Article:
United States Boys' Cap Styles: Tam/Tam O'Shanter


Figure 1.--This American boy wears a dark tam with a velvet tunic suit. It is undated, but we would guess was taken about 1905.

Tams are Tan O'Shanters were similar to berets, but larger and more floppy. We see tams made in different sizes and styles. Some were quite large, but most seem to have been more moderately sized. We don't see very many American boys wearing them and a best we can tell the tam has never been extensively worn by American boys. They were more popular with girls. We do, however, see some younger boys wearing them with a variety of different outfits. There was no one single outfit they were associated with. We see boys to about age 7-8 years wearing them. They were most common in the late-19th and early-20th centuries. HBC has noted a few old studio portraits from the late 19th century of American boys wearing tams, generally with kilt suits or Fauntleroy suits. A good example is a San Jose boy about 1905. Tams were not the principal headwear for either outfit, but they were worn. We note Percy Brown who has just been breeched wearing a tam with his new sailor suit in 1891. Another example is an unidentified boy wearing a Fauntleroy suit about 1890. Tams were not commonly worn with sailor suits, but this boy just got his sailor suit. The sailor suit was so commonly worn that we see boys wearing a range of caps with it besides just sailor caps. We also note a few portraits taken in the early 20th century. The unidentified portrait here is an example (figure 1). Tams were made in different colors, but the black and white photography of the day provides very few hints as to color.

Description

Tams are Tan O'Shanters were similar to berets, but larger and more floppy. We see tams made in different sizes and styles. Some were kind of shaped with stays going out. Other were just rounded without any distinctive shape. Some tams were done with tassels. Tams and berets are not prececisly caps because there is no brim. We have tended, however, to place them in the cap section for simplicity of organization

Sizes

Tams vsaried quite a bit in size. Some were quite large, but most seem to have been more moderately sized. The size varied over time.

Popularity

We don't see very many American boys wearing them and a best we can tell the tam has never been extensively worn by American boys. We do, however, see some younger boys wearing them with a variety of different outfits.

Gender

Tams were much more popular with girls than boys. Only younger American boys wore tams and berets. We see many more American girls wearing them. Interestingly French girls did not wear berets, although we are less sure about tams. Tams were very popular with American girls. And we see girls of all ages wearing them, including teenagers. Age conventions varied over time. We are not sure when girlks began eearing tams, probablythe 1890s. They seem most popular in the 1910s and 20s. We are also not sure about the colors, but most seem to hsave been dark colors, oprobably navy blue or black. We are sure about the wearing conventions. I am not sure they were the choice when dressing up. They were widely worn to school.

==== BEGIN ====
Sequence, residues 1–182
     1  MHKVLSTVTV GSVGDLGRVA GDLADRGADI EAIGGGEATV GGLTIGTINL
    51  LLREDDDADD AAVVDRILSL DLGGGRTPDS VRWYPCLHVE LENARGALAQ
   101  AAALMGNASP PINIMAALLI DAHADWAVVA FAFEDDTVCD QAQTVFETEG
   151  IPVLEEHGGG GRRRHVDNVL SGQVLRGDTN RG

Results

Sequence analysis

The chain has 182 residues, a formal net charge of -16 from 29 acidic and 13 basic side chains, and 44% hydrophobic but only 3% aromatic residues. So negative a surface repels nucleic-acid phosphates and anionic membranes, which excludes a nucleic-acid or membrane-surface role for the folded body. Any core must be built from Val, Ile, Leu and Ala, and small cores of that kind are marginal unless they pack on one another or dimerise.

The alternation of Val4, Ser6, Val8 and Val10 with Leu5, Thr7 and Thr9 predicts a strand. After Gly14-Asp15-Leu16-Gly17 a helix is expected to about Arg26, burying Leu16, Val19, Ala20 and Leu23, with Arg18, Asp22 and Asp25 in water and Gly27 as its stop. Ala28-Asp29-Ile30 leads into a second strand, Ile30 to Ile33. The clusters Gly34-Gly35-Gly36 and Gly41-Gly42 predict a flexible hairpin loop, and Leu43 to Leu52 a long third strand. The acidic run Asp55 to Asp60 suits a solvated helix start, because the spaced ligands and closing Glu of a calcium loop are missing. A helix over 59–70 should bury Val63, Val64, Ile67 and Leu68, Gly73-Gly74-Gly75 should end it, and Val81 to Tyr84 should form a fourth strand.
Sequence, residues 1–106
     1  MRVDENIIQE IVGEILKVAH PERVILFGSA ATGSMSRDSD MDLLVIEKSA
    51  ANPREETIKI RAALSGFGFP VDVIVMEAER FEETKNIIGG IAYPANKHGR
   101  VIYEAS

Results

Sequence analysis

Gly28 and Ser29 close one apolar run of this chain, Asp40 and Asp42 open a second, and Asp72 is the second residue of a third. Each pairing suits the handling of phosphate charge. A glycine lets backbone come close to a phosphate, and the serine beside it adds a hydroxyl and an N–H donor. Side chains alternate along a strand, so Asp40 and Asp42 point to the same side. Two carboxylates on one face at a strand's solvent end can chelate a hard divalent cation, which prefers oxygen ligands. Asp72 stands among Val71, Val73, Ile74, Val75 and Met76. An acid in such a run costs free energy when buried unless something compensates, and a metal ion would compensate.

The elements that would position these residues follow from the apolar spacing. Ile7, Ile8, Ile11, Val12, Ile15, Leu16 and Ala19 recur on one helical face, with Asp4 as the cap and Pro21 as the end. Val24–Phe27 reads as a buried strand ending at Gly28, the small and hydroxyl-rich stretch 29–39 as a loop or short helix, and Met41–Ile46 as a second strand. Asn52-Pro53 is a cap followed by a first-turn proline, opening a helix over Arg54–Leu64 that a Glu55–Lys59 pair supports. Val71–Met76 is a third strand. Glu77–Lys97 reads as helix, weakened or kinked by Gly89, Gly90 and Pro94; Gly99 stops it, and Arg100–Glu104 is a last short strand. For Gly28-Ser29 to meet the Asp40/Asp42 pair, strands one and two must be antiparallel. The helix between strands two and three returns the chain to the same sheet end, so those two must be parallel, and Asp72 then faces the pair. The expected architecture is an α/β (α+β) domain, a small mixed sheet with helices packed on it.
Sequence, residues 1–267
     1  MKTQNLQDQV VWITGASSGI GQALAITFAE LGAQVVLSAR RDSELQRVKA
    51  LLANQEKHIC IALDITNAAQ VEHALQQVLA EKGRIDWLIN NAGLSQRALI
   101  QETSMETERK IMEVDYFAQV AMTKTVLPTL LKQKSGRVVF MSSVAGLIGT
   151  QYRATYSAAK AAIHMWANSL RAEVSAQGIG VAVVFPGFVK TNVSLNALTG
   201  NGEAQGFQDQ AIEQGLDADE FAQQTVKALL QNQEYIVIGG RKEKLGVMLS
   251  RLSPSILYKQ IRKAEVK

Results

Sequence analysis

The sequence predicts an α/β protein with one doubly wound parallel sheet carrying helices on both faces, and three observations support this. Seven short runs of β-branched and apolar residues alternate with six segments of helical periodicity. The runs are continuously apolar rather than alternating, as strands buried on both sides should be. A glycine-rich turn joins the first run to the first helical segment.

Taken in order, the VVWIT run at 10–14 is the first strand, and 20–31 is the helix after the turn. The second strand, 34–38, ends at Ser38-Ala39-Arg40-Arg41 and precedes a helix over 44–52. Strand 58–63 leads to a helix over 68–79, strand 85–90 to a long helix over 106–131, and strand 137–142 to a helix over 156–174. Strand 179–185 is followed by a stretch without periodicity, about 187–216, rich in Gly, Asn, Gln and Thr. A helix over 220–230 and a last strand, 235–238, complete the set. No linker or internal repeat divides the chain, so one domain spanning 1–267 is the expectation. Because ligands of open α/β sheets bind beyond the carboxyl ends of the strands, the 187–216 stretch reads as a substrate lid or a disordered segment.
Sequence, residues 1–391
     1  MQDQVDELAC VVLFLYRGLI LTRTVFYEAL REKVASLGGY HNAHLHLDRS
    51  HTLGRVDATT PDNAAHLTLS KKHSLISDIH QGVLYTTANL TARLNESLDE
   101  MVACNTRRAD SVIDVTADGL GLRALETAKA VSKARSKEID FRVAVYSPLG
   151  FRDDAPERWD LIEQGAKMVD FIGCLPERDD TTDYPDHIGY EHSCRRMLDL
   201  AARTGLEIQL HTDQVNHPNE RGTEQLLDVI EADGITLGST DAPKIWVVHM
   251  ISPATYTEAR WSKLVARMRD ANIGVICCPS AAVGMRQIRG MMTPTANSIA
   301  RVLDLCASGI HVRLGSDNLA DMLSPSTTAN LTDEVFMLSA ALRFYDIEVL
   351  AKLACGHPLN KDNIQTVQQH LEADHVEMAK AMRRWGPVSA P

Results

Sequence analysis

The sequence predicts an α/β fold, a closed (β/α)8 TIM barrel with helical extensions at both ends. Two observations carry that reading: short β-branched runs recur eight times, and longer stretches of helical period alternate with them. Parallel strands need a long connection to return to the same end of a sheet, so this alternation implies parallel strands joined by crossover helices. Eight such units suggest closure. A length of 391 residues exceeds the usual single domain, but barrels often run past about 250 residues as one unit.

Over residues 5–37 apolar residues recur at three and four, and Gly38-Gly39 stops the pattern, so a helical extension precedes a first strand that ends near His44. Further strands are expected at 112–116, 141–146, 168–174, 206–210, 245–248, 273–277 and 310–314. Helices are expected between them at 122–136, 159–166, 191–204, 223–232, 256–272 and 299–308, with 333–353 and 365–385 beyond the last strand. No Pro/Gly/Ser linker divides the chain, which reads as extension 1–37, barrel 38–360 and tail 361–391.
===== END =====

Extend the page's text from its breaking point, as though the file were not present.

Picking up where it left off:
Accompanying Clothing

There was no one single outfit with which tams were associated. We see boys wearing tams with a variety of different outfits. The tams that boys wore were generally with kilt suits or Fauntleroy suits. We see more boys wearing tams with these outfits than any other outfit. A good example is a San Jose boy about 1905. Tams were not the principal headwear for either outfit, but they were worn. We note Percy Brown who has just been breeched wearing a tam with his new sailor suit in 1891. Another example is an unidentified boy wearing a Fauntleroy suit about 1890. Tams were not commonly worn with sailor suits, but this boy just got his sailor suit. The sailor suit was so commonly worn that we see boys wearing a range of caps with it besides just sailor caps. We also note a few portraits taken in the early 20th century. The unidentified boy in the portrait here is an example (figure 1).

Age

Tams were not very common for boys, but we do see some boys weaing them--mostly younger boys. We see boys to about age 7-8 years wearing them.

Chronology

They were most common in the late-19th and early-20th centuries. HBC has noted a few old studio portraits from the late 19th century of American boys wearing tams. We note an unidentified New Jersey boy wearing a Tam in the 1870s.

Colors

Tams were made in different colors, but the black and white photography of the day provides very few hints as to color. All of the examples we have noted to date were dark colors.






HBC





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Created: 10:38 PM 7/18/2007
Last updated: 10:11 PM 3/13/2010